Top Lake Michigan Getaways: Ottawa Beach
The simple life
olland State Park’s centerpiece attraction is the place you were dreaming about in February, when you had serious beach time on the brain and all you craved was sand, sun, water, and sky. Ottawa Beach stands so broad and brilliant, on midsummer afternoons the sight of it hurts the eyes. It could pass for the Sahara if the mountainous dunes weren’t blanketed by a winsome green mane and sprouting the occasional whisker of hardwood. And if it weren’t for that glorious, exhilarating Great Lakes breeze.
Beachaholics want to stay outside, reveling in it. And they can, thanks to the park’s tidy little Camper Cabins, plopped down on a pile of sand behind a dune, just paces away from the surf. These are upgrades from Michigan’s typical beach campgrounds, crowded with tents and RVs. Here, as the day-users pack up and drive away by 10 p.m., you get to stay, under the stars, roasting marshmallows, with a roof and a bunk waiting. It’s camping for people who don’t love to camp.
As close as you are to nature, Ottawa Beach does have one manmade landmark: “Big Red,” a commanding lighthouse standing sentinel over the channel that connects lakes Macatawa and Michigan. When you see the crimson set against a blue sky, next to the billowing white sail of a passing boat, you will have to admit that camping has its privileges.
Travel Time: 4.25 hours
Getting There: A day pass to Holland State Park (2215 Ottawa Beach Rd., 616-399-9390) costs $9, even for cabin-renters.
Stay: Both of the park’s clean, two-bedroom Camper Cabins (800-447-2757, $86 per night) sleep seven on built-in bunks with thin pads (BYO bedding) and include a microwave, a refrigerator, a covered porch, a firepit, a charcoal grill, ceiling fans, and a picnic table. What they do not include: air-conditioning, running water, and a bathroom (a fully equipped showerhouse is close at hand). Location, people.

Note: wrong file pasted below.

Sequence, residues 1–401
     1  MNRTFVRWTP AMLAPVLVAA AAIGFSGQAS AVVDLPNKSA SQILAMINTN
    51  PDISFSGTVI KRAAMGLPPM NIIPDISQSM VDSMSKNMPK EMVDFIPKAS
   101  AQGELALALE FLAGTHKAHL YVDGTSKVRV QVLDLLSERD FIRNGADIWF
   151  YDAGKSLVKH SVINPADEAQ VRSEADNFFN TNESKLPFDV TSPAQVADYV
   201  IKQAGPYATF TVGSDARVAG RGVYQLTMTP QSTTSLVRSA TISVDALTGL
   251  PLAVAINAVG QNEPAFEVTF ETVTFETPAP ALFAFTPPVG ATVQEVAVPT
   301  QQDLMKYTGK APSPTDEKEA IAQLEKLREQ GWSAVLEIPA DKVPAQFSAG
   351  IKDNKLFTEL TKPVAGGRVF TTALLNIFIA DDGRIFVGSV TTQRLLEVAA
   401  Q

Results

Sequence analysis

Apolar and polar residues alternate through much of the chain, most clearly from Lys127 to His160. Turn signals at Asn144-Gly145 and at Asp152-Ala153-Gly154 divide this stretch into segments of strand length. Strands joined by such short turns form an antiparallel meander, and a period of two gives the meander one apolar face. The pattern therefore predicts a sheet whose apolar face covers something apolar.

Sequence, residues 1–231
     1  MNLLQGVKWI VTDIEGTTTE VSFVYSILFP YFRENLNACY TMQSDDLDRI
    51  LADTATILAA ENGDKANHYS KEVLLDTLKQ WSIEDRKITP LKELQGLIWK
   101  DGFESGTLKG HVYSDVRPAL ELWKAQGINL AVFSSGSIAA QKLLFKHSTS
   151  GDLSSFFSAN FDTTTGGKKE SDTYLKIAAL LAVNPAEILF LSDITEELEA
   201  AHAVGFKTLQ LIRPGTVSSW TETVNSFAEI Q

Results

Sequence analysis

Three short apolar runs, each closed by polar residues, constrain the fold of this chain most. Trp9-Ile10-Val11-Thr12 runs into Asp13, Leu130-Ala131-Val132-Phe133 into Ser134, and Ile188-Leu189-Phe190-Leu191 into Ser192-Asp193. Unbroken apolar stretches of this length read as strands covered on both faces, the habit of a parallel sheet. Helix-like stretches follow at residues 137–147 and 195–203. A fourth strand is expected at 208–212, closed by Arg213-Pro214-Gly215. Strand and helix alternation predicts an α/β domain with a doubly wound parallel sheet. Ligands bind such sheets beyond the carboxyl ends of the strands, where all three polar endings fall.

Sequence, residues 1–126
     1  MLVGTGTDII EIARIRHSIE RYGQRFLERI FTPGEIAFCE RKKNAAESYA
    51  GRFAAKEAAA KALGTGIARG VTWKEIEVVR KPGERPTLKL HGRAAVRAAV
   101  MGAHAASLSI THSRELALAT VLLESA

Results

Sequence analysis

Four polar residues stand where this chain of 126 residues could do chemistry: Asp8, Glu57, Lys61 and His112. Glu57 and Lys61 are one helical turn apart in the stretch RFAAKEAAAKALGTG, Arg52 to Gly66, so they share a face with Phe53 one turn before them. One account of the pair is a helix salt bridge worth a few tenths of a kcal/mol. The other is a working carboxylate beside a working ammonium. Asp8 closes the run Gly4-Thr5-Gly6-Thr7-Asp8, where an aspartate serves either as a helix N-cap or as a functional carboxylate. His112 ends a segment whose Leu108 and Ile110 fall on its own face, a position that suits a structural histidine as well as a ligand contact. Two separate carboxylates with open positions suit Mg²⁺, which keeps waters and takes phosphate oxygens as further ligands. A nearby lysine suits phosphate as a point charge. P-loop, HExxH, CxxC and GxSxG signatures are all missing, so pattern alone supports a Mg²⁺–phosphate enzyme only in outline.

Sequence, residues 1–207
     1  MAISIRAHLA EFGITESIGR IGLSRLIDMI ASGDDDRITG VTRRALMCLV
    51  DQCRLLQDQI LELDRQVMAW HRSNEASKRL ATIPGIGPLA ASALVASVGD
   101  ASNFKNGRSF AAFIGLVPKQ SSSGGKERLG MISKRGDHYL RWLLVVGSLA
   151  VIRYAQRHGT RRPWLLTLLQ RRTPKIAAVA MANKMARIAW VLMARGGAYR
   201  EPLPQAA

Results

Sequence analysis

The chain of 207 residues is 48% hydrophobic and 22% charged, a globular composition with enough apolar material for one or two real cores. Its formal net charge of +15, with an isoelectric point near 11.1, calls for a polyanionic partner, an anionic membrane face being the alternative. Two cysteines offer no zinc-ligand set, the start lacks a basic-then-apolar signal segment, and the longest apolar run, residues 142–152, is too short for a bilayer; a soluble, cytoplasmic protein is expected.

Play: The Macatawa Boat House (Ottawa Beach Road just outside park entrance, 616-834-3033) offers a change of scenery with kayak, canoe, and paddleboard rentals (from $10 hourly), allowing for exploration of the Lake Michigan shore and the banks of the Macatawa River. Landlubbers can stick to the state park’s hiking trails, a mix of sand, boardwalks, stairs, and an inspiring overlook at Mt. Pisgah dune.
Eat & Drink: Less known than acclaimed New Holland Brewing is next-door neighbor Our Brewing Company (76 E. 8th St., 616-994-8417), a small-batch outfit in a hip storefront that fills flights and pints with inventive, playful beers like the Good Life Granola Cream Ale and Peanut Butter Molasses Porter.
Sightsee: If you start to get antsy, take in some of Holland’s noted Dutch heritage at Windmill Island Gardens ($8; 1 Lincoln Ave., 616-355-1030). You will find an 18th-century working windmill, imported piece-by-piece from the motherland and reconstructed onsite; a tour of the windmill’s guts by a friendly guide who wears wooden shoes; an Old World main street and a shop filled with imported foodstuffs and locally crafted treats; and lush fields of vibrant flowers. A little kitschy, yes, but it will win you over.